Montevideo is the capital of the Eastern Republic of Uruguay, economic and political center of the country. It was founded as a fortification square between 1724 and 1730, next to the port on the Rio de la Plata. The colonization period began with the arrival of Spanish families from Buenos Aires and the Canary Islands.
Currently, Montevideo is a tourist destination in Latin America, offering the visitor historical sights, beaches and gastronomy.

Things you can do for free in Montevideo

  • To enjoy the drums at the rhythm of the Candombe

Candombe is a cultural africans celebration base on dances and drums, brought to Uruguay by African slaves in the colonial era.

The most important event of Candombe in Uruguay takes place in February, in the “Desfile de Llamadas” during the Carnival.

But every weekend throughout the year you can still witness on the streets of different neighbourhoods those groups playing the drums and how the neighbours join in the dance.

We enjoyed this music with “Casa la Cultura Mi Morena”. You can check the days of training and parade on HERE

  • Walk by the Old City

The neighbourhood of the Old City is one of the main touristic areas of Montevideo. It was a Spanish military fortification. Its walls were erected in 1741 and they began to be demolished in 1829. The tour of the old town allows you to know the colonial architecture, art galleries, libraries and innumerable artisans and street performers.

Firstly you can visit the Solis Theater, and then walk to arched door of the Citadel from where you can continue the tour walking through the pedestrian street Sarandí. You can visit the Matriz square , that was the Plaza Mayor in the colonial period, where you will find the Cathedral and the Cabildo Palace.

You can stroll down the street to find the Plaza Zabala and the Port Market where a nice glass of wine and grill meat will be waiting for you.

  •  Panoramic Viewpoint of Montevideo

Located in the Town hall building of Montevideo, with a height of 77 meters offers a great panoramic view over a large part of the city.
Remains open all year round with free entry and is located in the Av. 18 de Julio 1360.

  • Stroll along Avenida 18 de Julio

This avenue is the main artery of the city of Montevideo. It is about three kilometers long ,and as you walk you can find emblematic buildings such as the National Library, the University of the Republic, the Intendencia(Town Hall) of Montevideo, the Salvo Palace and the Independence Square.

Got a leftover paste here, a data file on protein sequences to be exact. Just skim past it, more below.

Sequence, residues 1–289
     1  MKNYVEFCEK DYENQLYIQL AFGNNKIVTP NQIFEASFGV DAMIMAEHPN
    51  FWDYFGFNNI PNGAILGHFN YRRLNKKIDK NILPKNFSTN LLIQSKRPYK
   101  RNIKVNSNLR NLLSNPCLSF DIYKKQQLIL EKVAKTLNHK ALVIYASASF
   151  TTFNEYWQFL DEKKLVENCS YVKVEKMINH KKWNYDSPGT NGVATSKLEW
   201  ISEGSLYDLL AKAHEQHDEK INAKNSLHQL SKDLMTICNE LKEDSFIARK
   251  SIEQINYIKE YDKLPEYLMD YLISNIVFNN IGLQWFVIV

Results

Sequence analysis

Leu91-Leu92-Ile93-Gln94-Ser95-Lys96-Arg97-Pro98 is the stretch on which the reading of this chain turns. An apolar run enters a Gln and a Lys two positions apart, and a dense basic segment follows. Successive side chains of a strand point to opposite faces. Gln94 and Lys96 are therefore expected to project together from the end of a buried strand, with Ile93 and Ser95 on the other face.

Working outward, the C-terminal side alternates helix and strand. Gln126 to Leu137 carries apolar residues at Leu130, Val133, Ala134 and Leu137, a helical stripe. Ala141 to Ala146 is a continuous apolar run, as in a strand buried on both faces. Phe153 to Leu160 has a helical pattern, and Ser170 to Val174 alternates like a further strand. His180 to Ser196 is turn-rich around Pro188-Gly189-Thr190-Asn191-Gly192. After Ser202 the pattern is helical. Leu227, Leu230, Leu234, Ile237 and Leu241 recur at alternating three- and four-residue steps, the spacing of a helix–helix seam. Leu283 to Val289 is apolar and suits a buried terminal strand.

• Fair of Tristan Narvaja

The Fair of Tristán Narvaja has become a MUST SEE, right in the heart of Montevideo. The main street of the market is Tristán Narvaja, and it goes from Avenida 18 de Julio until the Miguelete Street. The parallel streets are also occupied by hundreds of stalls, forming a maze almost impossible to see in a single day.

You can find a wide variety of articles, from fruits and vegetables, clothing, species, cheeses to antiques, new and used books, furniture, electronics, plants, pets, crafts and anything you can imagine.

Every Sunday from 9 in the morning until 4 in the afternoon, Tristán Narvaja becomes the busiest street in Montevideo.

  • Get a photo in the of Montevideo letters.

The sign with the word “Montevideo” located on the Rambla de Pocitos is one of the places that you can not miss, there you can make photographs accompanied by the landscape of the pocitense coast.

  •  Sunset at Ramirez Beach

Enjoy one of the most beautiful sunsets of Montevideo on the white sand of Ramirez Beach. It is located on the Rambla Presidente Wilson and its waters are bathed by the Rio de la Palta.

  • Gurvich Museum

The museum was inaugurated on October 14th 2005. It has been developed by Gurvich family to show to everyone the life and work José Gurvich, and to preserve the collection of works gathered for the artist.

Entrace is only free on tuesday from 10:00 to 18:00, on the Sarandí Street 522-524. Old City

  • Admire the Legislative Palace.